The message was given new urgency in 2014. The annexation of Crimea was sold to the Russian people as a defense of ethnic Russians from bands of homicidal, neo-Nazi Ukrainians. The war in Ukraine — which was blamed on western meddling — offered further proof that Russia was under threat. American and European sanctions only solidified the case.

So Putin asked Russians to tighten their belts for the sake of (pardon the expression) making Russia great again. Many Russians had seen a marked increase in their quality of life, but now they would be asked to give up some of those gains for the country’s greater geopolitical good. In this new social compact, economic growth must be sacrificed to help Russia reassert herself on the world stage.

To better make his case, Putin turned to Stalin’s playbook, looking increasingly to the events of World War II, known in Russia as the “Great Patriotic War.” Millions of Russians were killed during the Nazi invasion of 1941, and millions more lost their lives fighting Nazi Germany in Central and Eastern Europe. Nearly every Russian family — Vladimir Putin’s included — experienced loss, deprivation, disease, and death. It is a visceral, emotional part of the Russian historical fabric.

For this, the “victory over fascism,” the Russian people have been willing to forget and forgive the horrors of Stalin’s purges, his manufactured famines, his deportations, and his GULAGs. “Whatever atrocities Stalin committed, it is thought that his great accomplishments cannot be diminished, since Russia won the war under his guidance. It’s as though that makes up for his crimes,” explains Sergei Chapnin, until recently the editor of the Russian Orthodox Church’s official journal. And indeed, polling reveals that some 34 percent of Russians agree that “Whatever flaws and failures are attributed to Stalin, the most important thing is that, under his leadership, Russia was victorious in World War II.”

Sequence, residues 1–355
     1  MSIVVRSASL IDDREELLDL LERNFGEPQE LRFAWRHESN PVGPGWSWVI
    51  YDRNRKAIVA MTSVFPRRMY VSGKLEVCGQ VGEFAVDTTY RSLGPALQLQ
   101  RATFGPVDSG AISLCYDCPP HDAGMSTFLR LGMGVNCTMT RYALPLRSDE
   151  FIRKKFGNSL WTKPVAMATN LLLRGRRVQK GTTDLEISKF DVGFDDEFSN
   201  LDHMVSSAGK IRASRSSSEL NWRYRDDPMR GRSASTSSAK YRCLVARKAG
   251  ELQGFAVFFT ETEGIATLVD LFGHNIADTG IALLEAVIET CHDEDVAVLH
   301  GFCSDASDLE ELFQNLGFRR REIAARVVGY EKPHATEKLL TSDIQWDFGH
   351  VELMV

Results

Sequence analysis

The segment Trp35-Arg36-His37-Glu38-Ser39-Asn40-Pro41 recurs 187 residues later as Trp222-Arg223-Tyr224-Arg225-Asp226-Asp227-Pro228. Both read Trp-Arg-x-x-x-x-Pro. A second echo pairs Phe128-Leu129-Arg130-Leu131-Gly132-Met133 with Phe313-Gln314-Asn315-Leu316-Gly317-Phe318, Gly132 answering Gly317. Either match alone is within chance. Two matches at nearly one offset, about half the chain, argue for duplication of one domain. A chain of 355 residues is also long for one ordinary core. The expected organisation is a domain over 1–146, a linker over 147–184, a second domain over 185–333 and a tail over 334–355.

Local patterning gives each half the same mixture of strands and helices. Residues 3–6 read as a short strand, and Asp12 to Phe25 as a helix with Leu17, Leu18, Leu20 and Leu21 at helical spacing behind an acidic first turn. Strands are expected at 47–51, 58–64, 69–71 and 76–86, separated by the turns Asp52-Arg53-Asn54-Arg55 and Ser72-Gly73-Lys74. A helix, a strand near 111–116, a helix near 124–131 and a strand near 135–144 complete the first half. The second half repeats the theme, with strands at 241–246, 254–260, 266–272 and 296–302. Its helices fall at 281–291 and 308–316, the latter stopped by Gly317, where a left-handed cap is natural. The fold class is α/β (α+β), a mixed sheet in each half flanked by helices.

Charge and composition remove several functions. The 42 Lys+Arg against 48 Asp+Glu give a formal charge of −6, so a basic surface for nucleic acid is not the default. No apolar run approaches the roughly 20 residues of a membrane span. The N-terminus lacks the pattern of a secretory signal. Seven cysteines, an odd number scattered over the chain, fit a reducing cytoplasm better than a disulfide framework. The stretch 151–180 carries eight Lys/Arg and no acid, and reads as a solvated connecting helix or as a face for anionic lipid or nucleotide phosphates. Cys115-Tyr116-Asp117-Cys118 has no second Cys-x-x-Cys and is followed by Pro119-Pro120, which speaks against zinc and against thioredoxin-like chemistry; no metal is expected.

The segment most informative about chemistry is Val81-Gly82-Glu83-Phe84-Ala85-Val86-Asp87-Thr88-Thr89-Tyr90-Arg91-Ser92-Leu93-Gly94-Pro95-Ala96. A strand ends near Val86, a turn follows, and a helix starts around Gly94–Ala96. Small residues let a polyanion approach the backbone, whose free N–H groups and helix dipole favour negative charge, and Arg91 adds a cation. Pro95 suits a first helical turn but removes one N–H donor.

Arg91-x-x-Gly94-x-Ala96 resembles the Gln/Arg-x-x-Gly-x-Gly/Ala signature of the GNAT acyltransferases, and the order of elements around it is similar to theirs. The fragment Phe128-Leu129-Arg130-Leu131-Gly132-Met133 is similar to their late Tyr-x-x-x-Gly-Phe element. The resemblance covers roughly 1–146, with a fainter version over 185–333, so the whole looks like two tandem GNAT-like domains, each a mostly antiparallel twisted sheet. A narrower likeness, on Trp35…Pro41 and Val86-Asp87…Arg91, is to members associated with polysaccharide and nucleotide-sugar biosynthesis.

This is why the war is the perfect way for Putin to evoke the worldview he wants Russians to have — besieged on all sides, with only a great leader to save them. With this lens on history firmly in place, Putin has prepared the way for his own crimes, sins, and wars to be dismissed. All he needs do is maintain the charade that he is fighting for the good of Mother Russia, and Russians will be willing to overlook his failures.

And so re-Stalinization has sped ahead, with a focus on those wartime sacrifices. In November 2014 President Putin publically rehabilitated the Molotov-Ribbentrop Pact, which cemented a brief alliance between Hitler and Stalin in which they split eastern Europe between them — never mind the millions of Jews, Poles and others that were killed as a result. Under the Kremlin’s direction, school history books have been standardized to gloss over Stalin’s crimes. In a 2014 meeting with the authors of the new textbook, Putin noted how unfortunate it is that some textbooks describe Soviet rule over eastern Europe after the Second World War as a Stalinist occupation.